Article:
Skip to main content
It looks like you're using Internet Explorer 11 or older. This website works best with modern browsers such as the latest versions of Chrome, Firefox, Safari, and Edge. If you continue with this browser, you may see unexpected results.
Highly Recommended APA Resource
APA Format Guidelines by Purdue OWL
This is a landing page for a huge resource. See the site menu (left side, lower down the page if you're on a desktop or laptop) for links to detailed instructions examples for all kinds of sources.
The Basics of APA Citation: In-text vs Reference list
In-Text or Parenthetical Citations
In-text citations tell your professor which source you used at a specific point in the paper.
These citations also correspond to the full citation found in the Reference List at the end of your paper.
Here are four examples of in-text citations:
Name the author(s) and provide a direct quotation:
Pollan (2001) explains that "the apple, like the settlers themselves, had to forsake its former domestic life and return to the wild before it could be reborn as an American" (p. 13).
Provide a direct quotation without naming the author(s) directly:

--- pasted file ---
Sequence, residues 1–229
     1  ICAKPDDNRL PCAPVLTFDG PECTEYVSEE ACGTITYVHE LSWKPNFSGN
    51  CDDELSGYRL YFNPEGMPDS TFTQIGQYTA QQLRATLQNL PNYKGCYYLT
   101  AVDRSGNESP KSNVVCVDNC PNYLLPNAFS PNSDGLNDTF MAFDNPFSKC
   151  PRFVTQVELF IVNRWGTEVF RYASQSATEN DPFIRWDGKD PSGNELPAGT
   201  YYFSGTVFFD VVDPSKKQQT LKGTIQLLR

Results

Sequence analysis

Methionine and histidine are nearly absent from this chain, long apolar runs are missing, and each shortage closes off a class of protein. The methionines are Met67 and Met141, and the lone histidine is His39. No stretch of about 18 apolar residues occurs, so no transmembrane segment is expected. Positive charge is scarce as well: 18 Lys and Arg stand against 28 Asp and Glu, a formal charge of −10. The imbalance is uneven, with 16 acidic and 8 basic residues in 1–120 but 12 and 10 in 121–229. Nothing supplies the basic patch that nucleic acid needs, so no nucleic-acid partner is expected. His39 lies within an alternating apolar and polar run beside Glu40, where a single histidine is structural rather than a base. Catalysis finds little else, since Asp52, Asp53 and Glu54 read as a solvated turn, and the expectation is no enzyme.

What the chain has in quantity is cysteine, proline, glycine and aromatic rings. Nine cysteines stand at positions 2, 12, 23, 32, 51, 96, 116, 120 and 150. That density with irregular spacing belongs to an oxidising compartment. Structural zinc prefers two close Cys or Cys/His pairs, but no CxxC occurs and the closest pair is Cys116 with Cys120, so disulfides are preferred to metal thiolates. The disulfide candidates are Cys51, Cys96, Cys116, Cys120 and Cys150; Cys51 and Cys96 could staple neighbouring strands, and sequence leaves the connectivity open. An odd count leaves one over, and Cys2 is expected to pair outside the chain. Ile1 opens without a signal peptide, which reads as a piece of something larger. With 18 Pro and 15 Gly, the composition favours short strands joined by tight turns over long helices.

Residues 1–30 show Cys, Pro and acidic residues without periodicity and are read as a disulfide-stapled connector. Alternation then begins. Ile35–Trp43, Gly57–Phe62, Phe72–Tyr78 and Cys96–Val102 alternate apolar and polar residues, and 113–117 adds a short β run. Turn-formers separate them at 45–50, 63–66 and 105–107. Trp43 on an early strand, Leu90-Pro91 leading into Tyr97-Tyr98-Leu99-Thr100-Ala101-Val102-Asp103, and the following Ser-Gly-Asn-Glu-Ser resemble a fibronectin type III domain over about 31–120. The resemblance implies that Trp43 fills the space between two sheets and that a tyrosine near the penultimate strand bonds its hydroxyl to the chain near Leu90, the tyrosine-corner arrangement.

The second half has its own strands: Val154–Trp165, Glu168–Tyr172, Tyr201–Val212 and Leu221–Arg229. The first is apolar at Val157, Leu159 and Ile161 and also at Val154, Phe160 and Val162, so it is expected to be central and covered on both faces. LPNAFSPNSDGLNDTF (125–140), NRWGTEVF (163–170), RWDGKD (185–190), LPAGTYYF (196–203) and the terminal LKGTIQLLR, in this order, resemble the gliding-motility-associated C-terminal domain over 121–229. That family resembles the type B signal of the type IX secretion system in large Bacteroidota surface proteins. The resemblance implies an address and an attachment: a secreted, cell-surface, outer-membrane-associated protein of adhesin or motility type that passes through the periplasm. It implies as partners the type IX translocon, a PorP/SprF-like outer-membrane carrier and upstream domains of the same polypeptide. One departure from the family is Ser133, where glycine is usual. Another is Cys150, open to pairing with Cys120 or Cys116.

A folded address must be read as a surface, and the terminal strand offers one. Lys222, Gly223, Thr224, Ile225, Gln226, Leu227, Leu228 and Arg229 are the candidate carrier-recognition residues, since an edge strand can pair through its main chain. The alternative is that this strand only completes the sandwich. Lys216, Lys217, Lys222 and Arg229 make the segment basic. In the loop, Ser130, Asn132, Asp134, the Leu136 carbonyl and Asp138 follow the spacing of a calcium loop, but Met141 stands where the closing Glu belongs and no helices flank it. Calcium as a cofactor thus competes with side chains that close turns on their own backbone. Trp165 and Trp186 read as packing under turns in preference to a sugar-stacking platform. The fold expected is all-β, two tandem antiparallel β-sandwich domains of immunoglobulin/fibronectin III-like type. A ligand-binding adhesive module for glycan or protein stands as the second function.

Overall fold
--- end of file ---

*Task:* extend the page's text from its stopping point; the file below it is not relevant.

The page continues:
"In effect, the apple like the settlers themselves, had to forsake its former domestic life and return to the wild before it could be reborn as an American"
(Pollan, 2001, p. 13).
Name the author(s) and paraphrase:
Michael Pollan (2001) compares the apple to the settler, because both required an experience in the wild in order to fully express the American experience (p.13).
Paraphrase without naming the author(s) directly:
One writer compares the apple to the settler, because both required an experience in the wild in order to fully express the American experience
(Pollan, 2001, p.13).
Reference List Citations
The reference list includes full citations all sources used in your paper.
Hauter, W. (2012).
Foodopoly: The Battle Over the Future of Food and Farming America. New York: New Press.
Pollan, M. (2001). The Botany of Desire. New York: Random House.
Why and When to Cite
Plagiarism Has Consequences
Types of Plagiarism
Click image for source.
Plagiarism may not seem like a "big deal," but there can be some severe and/or long lasting effects:
Failing grade (assignment and/or course)
Note on transcript for academic dishonesty
Loss of financial aid
Academic probation or expulsion
Limited career opportunities (can become a barrier to getting a job or can cause loss of employment)
There are many different types of plagiarism, including self-plagiarism.
You should cite a source if you reproduce, quote, paraphrase, or summarize ideas and/or media created by other individuals. When in doubt, cite!
For individual research help, schedule an appointment to meet with a librarian.